Afghanistan has just held a presidential election, and Taliban attacks intended to disrupt it have failed, though they’ve brutally slain innocents and beloved patriots. As our international coalition sharply draws down its numbers there, it is finally true that Afghan national security forces have the lead. March closed as the first month in over seven years with zero American fatalities, while still we have military personnel and civilians heading over (the media rarely bother to explain troop rotations). Welcome to 2014, the "year of transition."
 
 
Framed Afghanidan CODA 3 AEA

 
Afghanistan Electoral Alliance (source N/A)
 
 
I’d like to say the world has watched, or at least our nation has, as this era of American/NATO intervention in Afghanistan has flowed, ebbed, flowed, and ebbed again -- but if you’ve paid attention, you’ve been in the distinct minority. That’s one of the reasons it’s bracing to hear the chattering class bring up “America’s longest war” when a milestone is passed, because only the very few and far between have maintained any awareness of their nation being “at war.” Over there, of course, it’s a different story, but in many settings, including the most populated ones, daily life generally has a normalcy to it. A normalcy that’s often closely related to the presence of large numbers of international forces, if not directly feeding off the odd system that seemed as if it would retain semi-permanence for decades, but a normalcy nonetheless. I tried to highlight that as my observations shifted from those of a fairly clueless newcomer to those of a more attuned participant, and one located mainly in Kabul in the advisory go-round.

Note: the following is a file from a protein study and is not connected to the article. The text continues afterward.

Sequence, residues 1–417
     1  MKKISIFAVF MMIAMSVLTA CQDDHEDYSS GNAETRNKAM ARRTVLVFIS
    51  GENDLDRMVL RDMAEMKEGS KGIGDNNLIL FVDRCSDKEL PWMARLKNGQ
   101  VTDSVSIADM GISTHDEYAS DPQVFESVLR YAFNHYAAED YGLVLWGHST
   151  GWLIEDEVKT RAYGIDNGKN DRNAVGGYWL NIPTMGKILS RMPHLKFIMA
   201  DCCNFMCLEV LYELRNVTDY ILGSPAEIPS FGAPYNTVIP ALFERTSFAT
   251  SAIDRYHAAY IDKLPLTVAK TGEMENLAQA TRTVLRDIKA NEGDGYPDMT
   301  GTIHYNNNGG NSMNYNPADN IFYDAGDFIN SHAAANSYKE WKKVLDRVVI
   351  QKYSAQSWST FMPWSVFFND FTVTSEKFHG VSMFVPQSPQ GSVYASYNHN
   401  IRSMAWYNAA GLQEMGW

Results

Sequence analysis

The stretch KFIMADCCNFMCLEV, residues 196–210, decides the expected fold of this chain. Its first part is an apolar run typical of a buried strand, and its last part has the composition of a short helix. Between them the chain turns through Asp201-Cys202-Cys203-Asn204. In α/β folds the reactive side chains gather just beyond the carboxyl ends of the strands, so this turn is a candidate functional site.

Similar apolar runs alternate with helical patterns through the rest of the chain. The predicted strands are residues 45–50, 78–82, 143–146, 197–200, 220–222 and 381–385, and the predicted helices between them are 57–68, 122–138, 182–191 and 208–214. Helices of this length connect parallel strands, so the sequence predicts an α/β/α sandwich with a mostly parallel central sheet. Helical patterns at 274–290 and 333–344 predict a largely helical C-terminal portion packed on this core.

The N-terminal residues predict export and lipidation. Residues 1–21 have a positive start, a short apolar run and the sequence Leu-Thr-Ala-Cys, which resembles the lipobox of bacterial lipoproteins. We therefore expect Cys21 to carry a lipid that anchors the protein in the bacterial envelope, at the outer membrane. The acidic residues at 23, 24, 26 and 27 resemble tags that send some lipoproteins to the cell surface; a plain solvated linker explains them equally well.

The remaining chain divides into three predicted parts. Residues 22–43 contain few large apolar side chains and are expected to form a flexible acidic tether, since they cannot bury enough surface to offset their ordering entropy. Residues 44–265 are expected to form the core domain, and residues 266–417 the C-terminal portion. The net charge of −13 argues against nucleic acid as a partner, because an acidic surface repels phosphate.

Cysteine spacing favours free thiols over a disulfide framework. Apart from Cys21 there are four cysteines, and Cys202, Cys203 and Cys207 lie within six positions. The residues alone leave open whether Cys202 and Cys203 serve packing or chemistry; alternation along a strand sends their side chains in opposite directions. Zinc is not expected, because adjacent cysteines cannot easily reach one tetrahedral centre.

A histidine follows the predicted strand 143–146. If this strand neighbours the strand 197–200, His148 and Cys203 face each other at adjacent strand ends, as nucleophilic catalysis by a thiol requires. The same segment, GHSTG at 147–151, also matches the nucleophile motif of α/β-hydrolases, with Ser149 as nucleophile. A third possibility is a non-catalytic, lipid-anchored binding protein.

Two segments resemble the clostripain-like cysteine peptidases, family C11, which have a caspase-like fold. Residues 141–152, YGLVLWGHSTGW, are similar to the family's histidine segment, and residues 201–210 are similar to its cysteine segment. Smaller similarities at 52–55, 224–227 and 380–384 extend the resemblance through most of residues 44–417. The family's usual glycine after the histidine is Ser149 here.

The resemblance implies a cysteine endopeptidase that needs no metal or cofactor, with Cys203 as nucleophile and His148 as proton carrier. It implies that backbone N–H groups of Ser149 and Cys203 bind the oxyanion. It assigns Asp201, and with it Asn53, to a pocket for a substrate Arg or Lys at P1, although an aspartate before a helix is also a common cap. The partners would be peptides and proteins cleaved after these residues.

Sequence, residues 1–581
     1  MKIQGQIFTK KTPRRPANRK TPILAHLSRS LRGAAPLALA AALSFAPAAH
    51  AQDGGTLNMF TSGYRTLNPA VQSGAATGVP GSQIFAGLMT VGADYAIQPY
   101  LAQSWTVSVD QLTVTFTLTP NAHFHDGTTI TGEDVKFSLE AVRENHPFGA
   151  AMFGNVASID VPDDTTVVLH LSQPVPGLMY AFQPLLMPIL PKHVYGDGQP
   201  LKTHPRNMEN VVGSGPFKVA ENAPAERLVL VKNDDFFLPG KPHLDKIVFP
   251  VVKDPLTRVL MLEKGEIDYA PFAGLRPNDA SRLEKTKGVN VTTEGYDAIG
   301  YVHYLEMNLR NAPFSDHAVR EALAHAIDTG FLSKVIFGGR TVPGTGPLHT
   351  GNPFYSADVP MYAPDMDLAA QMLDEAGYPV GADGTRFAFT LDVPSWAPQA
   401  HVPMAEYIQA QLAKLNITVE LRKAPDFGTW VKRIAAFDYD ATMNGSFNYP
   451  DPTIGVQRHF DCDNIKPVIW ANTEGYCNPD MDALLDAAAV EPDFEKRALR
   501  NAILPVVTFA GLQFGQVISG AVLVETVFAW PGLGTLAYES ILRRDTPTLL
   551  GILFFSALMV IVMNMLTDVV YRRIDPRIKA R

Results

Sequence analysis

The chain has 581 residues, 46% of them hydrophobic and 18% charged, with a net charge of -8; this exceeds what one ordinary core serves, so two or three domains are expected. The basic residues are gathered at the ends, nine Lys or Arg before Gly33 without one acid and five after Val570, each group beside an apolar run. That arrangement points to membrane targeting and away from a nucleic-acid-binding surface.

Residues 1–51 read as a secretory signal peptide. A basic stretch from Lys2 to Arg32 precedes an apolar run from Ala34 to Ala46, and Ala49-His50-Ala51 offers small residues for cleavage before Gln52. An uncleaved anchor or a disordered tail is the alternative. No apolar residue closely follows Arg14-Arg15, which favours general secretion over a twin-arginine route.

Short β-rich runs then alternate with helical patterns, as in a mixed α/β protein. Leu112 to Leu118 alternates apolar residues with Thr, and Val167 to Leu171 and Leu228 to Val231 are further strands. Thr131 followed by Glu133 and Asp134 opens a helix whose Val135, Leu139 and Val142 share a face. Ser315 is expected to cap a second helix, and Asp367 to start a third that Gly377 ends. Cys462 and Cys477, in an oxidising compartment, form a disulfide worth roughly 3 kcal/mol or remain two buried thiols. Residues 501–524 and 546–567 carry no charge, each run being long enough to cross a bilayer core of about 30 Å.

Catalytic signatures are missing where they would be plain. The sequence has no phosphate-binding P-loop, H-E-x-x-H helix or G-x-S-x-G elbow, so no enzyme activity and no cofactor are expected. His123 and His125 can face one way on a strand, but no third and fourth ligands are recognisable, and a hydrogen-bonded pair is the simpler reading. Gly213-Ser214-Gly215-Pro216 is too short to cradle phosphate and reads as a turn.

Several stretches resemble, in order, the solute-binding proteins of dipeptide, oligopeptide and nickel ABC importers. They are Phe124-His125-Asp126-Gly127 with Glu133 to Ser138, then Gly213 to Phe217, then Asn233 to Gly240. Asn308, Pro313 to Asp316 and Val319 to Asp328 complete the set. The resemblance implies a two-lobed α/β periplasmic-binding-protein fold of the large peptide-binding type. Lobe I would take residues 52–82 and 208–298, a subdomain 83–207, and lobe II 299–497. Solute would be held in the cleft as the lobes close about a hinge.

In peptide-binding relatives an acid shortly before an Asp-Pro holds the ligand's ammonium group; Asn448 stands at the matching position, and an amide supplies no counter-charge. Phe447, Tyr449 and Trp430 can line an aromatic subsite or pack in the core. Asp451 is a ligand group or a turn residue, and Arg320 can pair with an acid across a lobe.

Framed Afghanidan CODA 4 Fruit
 
Fruit vendors, Kabul, 10/31/10
 
 
Was it worth it? Gen. Jim “Chaos” Mattis (ret.) -- he who commanded the initial Marine Expeditionary Brigade that swept into the south of Afghanistan in 2002, before achieving far greater responsibility, fame and notoriety in Operation Iraqi Freedom and eventually at US Central Command -- opined recently on the question of whether it was “worth it” for those who served in these conflicts (as my readers may recall, I’m not a fan of lumping the two together, but that’s apparently how it was asked and answered in this case). The “Warrior Monk” went on to break down his answer in terms of national strategy and personal considerations, and while it’s all worth a read, it’s the latter that truly resonated with me. These are summaries by the piece’s author, not direct quotes:
 
For veterans, "Was it worth it?" should be intensely personal. The focus should be on experiences while deployed and since returning home. What sorts of relationships were formed at war? How deep and rewarding were they? How have you stayed in touch with your buddies since returning home? Have you been able to integrate into civil society in a healthy and sustainable way?